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Unformatted text preview: That night, while the weary Trojans slept, Sinon released the Greek warriors hidden inside the horse and opened Troy's gates to the remaining Greek forces, which had sailed back to Troy's shores from Tenedos. The Trojans were helpless against the assault, and Troy was soon in flames. Hector, King Priam's son, who had been slain by Achilles earlier in the Trojan War, appeared to Aeneas in a dream and told him that all was lost, and that he should take Troy's gods of hearth and household — the Penatës — and seek a new city for them. Waking, Aeneas, disillusioned by the disastrous events revealed in his dream, armed himself and went out into the city, desperately planning to die in combat. He was joined by other Trojans, and after many struggles, including disguising himself as a Greek soldier to more easily traverse the city's streets, he arrived at Priam's besieged palace, where he witnessed the havoc wrought by...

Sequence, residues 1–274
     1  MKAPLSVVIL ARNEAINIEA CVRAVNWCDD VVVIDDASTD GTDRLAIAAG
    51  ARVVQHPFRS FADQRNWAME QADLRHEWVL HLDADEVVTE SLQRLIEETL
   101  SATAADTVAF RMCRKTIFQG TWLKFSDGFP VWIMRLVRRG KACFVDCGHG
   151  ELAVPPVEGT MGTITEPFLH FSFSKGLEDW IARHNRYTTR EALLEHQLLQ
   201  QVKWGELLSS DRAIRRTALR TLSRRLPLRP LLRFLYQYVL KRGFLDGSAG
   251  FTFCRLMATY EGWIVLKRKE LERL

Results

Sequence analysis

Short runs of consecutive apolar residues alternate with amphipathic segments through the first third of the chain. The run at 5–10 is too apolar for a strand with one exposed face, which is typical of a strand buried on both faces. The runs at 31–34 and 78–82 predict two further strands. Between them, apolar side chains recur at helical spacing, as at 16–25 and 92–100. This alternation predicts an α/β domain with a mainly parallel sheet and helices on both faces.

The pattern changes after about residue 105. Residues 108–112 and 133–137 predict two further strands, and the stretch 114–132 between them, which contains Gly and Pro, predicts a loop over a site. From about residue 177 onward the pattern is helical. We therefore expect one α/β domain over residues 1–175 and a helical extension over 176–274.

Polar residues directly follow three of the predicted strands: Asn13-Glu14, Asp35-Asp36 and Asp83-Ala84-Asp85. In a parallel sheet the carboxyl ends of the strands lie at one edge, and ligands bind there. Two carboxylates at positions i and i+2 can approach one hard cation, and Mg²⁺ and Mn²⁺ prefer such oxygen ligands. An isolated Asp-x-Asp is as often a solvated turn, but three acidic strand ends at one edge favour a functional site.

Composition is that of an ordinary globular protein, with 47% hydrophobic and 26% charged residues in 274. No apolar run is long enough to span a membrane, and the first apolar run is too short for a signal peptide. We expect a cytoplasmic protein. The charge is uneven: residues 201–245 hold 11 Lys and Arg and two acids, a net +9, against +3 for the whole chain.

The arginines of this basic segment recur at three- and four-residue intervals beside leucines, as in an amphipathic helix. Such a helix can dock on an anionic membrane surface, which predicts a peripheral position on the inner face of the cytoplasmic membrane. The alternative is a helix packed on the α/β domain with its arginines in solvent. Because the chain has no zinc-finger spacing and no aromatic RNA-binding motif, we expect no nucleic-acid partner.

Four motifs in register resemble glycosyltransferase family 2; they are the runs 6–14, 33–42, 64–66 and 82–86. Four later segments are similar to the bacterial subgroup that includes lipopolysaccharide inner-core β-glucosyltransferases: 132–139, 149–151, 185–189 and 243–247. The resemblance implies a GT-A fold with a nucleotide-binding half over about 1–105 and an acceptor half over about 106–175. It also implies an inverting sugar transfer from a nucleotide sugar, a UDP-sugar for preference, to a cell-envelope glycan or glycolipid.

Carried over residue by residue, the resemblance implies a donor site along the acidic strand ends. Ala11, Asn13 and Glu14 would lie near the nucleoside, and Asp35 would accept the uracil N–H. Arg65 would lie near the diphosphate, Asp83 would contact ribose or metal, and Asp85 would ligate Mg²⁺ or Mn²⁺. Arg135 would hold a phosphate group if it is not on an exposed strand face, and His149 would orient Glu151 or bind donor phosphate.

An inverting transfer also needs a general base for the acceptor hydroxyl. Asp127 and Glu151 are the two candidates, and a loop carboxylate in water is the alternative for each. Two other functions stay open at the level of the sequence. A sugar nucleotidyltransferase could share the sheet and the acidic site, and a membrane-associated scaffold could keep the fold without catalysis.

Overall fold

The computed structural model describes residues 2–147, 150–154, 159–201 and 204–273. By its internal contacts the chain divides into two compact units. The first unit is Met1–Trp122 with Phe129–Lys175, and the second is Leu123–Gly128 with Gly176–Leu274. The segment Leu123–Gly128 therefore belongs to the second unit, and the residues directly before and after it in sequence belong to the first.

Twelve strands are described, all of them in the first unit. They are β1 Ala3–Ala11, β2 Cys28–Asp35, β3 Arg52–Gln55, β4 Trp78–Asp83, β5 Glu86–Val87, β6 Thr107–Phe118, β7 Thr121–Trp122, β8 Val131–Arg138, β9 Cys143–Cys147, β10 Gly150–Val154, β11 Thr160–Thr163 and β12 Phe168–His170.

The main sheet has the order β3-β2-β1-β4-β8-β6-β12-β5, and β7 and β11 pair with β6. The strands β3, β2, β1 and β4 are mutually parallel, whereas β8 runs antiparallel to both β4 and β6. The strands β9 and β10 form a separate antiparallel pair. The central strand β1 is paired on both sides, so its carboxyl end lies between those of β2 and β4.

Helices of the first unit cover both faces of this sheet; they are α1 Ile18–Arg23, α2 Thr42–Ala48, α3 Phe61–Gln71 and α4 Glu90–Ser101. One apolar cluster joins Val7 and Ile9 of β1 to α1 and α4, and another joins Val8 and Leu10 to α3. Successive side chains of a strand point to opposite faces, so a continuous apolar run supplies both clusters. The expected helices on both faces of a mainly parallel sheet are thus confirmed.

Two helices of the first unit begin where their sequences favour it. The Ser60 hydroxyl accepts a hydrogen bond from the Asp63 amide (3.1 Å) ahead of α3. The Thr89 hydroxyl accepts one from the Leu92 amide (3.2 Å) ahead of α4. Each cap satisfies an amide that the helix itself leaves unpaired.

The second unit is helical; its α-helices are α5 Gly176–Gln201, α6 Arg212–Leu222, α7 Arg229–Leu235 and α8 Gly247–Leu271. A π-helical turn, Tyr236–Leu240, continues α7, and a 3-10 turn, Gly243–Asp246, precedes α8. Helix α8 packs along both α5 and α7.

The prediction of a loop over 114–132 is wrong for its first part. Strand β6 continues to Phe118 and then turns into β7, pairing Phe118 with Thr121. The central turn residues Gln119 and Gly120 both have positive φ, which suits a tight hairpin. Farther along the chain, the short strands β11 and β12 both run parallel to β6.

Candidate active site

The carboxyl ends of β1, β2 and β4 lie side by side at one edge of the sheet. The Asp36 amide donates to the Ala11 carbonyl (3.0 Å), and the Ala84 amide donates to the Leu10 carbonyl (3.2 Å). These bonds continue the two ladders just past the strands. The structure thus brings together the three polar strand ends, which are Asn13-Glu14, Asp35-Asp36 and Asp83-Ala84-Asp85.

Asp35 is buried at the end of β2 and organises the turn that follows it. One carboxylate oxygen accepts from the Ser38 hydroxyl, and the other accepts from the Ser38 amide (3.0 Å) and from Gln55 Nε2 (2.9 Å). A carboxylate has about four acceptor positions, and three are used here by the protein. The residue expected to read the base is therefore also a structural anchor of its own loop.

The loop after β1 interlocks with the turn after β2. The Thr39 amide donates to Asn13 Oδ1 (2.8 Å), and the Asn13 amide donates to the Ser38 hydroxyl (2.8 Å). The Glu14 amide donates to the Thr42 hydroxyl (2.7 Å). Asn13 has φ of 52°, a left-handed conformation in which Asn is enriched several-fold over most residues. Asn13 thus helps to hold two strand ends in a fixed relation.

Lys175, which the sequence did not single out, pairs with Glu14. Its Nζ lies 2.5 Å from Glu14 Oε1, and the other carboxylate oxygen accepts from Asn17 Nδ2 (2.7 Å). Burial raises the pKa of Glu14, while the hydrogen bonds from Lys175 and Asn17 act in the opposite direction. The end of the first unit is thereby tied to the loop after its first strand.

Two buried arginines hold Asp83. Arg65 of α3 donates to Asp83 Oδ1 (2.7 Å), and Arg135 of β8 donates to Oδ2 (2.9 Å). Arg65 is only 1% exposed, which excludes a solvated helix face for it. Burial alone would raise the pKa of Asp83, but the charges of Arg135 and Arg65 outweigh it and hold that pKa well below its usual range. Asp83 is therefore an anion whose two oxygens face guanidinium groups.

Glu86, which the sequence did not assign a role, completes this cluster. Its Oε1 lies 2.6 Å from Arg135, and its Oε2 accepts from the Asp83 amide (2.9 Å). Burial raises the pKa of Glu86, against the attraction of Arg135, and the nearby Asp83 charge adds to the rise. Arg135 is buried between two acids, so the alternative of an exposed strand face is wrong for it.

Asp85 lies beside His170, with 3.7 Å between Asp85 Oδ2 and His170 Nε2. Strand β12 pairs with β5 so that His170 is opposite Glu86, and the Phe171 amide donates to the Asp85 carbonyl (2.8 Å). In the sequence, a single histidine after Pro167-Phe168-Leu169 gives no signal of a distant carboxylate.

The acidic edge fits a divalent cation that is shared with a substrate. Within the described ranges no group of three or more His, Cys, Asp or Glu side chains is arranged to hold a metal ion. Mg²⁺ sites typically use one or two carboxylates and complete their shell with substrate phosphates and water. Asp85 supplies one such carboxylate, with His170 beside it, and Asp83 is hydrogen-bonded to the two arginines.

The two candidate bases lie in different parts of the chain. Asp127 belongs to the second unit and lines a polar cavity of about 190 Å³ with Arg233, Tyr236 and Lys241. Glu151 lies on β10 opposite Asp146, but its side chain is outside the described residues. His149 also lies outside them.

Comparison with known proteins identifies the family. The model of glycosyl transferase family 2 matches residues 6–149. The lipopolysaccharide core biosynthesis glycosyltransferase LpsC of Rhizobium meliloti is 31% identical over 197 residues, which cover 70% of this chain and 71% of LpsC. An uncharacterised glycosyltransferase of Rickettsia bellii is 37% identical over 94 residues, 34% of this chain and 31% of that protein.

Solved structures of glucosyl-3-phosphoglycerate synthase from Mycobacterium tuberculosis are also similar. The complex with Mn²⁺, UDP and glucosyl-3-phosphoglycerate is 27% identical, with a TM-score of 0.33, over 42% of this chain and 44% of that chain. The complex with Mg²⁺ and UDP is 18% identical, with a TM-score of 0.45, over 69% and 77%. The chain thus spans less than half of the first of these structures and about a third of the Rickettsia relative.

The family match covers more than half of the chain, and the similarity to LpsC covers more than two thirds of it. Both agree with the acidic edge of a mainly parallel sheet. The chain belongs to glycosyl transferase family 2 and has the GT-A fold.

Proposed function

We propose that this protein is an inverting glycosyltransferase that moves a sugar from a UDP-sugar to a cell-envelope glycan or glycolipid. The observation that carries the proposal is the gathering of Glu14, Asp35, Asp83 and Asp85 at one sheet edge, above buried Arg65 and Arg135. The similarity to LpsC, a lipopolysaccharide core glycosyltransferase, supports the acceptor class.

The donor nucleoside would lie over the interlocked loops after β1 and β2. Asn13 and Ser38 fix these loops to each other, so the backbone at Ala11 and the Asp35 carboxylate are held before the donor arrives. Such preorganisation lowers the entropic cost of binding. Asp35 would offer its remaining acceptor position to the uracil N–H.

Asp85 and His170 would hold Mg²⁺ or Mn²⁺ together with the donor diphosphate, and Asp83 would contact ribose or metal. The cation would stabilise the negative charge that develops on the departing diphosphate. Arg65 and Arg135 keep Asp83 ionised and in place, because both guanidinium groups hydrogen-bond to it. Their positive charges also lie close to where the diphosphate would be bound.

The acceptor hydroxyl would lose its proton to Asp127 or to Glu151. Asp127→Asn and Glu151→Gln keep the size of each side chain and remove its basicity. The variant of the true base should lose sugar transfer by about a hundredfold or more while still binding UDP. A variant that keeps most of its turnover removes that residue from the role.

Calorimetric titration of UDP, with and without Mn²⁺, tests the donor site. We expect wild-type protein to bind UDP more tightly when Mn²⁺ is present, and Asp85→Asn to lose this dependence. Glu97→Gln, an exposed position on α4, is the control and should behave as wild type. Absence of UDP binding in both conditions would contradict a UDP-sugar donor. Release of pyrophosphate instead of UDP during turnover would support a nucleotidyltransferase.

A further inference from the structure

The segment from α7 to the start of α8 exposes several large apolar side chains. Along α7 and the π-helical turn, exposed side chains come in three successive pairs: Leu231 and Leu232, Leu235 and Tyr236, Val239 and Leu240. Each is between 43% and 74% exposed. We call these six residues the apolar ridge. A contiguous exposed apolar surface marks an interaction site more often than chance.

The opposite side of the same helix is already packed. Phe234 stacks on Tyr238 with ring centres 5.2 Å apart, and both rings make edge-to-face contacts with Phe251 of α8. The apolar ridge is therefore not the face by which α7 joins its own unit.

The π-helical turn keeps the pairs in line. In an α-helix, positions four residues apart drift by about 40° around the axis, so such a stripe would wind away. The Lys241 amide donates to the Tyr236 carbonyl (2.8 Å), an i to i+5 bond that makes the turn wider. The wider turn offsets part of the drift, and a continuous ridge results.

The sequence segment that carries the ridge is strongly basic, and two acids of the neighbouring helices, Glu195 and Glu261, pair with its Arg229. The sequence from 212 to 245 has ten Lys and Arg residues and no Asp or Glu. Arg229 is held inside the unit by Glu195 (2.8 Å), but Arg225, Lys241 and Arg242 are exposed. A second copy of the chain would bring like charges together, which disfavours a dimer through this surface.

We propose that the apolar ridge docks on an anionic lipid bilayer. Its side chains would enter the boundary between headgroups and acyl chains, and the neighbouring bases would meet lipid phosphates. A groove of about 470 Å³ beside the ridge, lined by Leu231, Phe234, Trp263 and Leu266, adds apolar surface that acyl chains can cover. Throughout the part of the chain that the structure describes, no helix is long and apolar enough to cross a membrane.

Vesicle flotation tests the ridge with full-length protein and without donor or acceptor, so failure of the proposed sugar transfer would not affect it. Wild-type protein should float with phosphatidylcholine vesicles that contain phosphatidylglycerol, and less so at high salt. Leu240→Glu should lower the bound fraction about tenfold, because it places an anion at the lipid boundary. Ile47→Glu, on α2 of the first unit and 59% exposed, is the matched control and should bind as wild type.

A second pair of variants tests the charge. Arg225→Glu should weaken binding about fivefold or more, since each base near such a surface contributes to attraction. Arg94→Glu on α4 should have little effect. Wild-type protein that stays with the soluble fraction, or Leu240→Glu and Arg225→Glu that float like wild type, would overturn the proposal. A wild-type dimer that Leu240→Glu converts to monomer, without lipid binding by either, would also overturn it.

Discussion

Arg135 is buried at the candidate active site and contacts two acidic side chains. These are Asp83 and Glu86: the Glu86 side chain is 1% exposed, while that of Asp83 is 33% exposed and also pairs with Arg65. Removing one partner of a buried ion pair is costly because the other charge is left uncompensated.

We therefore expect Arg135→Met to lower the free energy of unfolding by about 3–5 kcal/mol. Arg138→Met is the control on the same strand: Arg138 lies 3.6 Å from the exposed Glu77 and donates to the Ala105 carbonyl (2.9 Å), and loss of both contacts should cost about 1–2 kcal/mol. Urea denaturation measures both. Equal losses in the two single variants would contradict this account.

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This note was uploaded on 11/23/2011 for the course ENG 101 taught by Professor Staff during the Fall '08 term at Texas State.
- Fall '08